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Tips for Keeping Kids Safe

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Keeping kids safe is one of parenting’s biggest jobs. Some safety rules (“look both ways before crossing the street” or “stop, drop and roll”) are not difficult for kids to grasp. But what about the rules that aren’t so easy to teach? How do we teach our kids to do things like pay attention to intuition or speak up when they feel they’re in danger?

Recently, my 7 year-old daughter, Marina, was invited to her first birthday party sleepover. I had met the supervising parent at school – who seemed lovely – but I knew little else about the family or the party.

We had a family meeting with Marina and we decided that I would take Marina to the party and stick around for the afternoon. We talked about safety, and about the funny feelings we sometimes get in our tummies if things are not quite right. She took her sleeping bag and pillow and left them in the car while we checked the party out.

There was absolutely nothing out of the ordinary for a child’s birthday party. There was a BBQ and a tent set up in the back yard for the 6 girls to camp out in (with the birthday girl’s mom).

In a quiet moment at the party, Marina confided in me that she was not sure about staying over. I told her my tummy felt a bit funny too. We stayed for cake and headed home.

It was important for me to make sure that we supported Marina and how she’s learning to trust her feelings.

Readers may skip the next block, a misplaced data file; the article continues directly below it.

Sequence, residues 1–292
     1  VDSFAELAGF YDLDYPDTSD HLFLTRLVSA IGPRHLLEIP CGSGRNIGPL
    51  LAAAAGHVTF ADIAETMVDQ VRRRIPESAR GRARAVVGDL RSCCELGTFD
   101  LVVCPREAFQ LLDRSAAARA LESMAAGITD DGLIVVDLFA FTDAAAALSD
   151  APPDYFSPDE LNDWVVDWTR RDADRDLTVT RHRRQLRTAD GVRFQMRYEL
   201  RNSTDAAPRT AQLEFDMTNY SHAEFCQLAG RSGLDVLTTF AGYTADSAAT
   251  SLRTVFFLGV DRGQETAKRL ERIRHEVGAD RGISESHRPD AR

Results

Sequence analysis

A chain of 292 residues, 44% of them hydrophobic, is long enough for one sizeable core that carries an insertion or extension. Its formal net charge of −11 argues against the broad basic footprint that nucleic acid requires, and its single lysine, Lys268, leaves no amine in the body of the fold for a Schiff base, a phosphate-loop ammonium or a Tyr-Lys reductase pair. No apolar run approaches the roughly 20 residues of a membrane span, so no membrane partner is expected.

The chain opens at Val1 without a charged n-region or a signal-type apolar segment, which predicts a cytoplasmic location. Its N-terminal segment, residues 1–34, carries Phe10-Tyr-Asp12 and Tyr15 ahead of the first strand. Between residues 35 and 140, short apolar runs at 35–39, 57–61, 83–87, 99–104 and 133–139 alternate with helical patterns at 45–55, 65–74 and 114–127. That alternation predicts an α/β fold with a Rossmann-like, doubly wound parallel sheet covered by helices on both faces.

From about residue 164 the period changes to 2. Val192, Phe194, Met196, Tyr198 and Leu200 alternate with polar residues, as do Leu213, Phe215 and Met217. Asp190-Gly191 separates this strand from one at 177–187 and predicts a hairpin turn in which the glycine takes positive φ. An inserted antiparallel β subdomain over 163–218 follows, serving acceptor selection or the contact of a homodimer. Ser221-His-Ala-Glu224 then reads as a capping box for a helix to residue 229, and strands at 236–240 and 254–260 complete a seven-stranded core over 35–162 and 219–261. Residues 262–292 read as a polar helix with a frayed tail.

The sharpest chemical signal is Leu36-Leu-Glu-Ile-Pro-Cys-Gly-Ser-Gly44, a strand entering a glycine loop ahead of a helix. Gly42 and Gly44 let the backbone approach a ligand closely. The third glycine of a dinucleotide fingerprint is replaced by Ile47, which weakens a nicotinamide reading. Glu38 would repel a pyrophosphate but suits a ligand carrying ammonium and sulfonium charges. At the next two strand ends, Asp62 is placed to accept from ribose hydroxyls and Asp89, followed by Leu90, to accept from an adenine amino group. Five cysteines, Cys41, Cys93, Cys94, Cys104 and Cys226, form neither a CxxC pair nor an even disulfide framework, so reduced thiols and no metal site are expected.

Here are some of the ways that we’ve tried to teach those intangible safety precautions to our kids when they can’t always be with Mom and Dad:

  • Help them listen to their bodies. We discuss with our kids how your body reacts when you don’t feel safe. A “feeling in the tummy,” a sense of butterflies or just a sense that something is not right are all great ways to describe this to children.
  • Have a preplanned exit strategy. We can’t always be around to supervise our kids. That’s why it’s good for children to have a plan for what to do if they feel uncomfortable or unsafe with another person. Explaining that they can move to a place where there are lots of people can help them feel reassured.
  • Teach your child to use his or her voice. We teach our kids to yell ‘Stop! I don’t like that!” when there is a dispute with siblings or friends where unwanted touching or hitting occurs. This same technique can be used in new or unfamiliar situations
  • Don’t force children into uncomfortable situations. We try to avoid forcing our kids to hug or kiss new people. We believe it helps our kids understand their feelings and become familiar with intuition. A child who is screaming when being put on Santa’s lap is reacting to what his or her body is saying.
  • Provide a safe haven. We let our kids know that they can tell us absolutely anything about an unfamiliar situation. If they get that funny feeling and say no to an adult, they will not “get in trouble.” We hope that this encourages our kids to continue to trust their gut without fear of punishment.
  • Talk every day. The best conversations are had in the car or over dinner. There is nothing like a captive audience! At the end of the school day, I ask my kids to tell me one great thing that happened at school, and then ask if there is anything that upset them. The stories just start coming.

Constant communication and knowing that these conversations have no end is the key, they just change with age. What are your tips for keeping kids safe?

Andrea Krueger has worked at Janssen as a senior product specialist in the neuroscience division for over 4 years. She lives on the Sunshine Coast in QLD with her husband Ben and their 2 children, Marina (7) and Ronan (5). They spend lots of time at the beach swimming, surfing and fishing and cook dinner on the grill almost every night.

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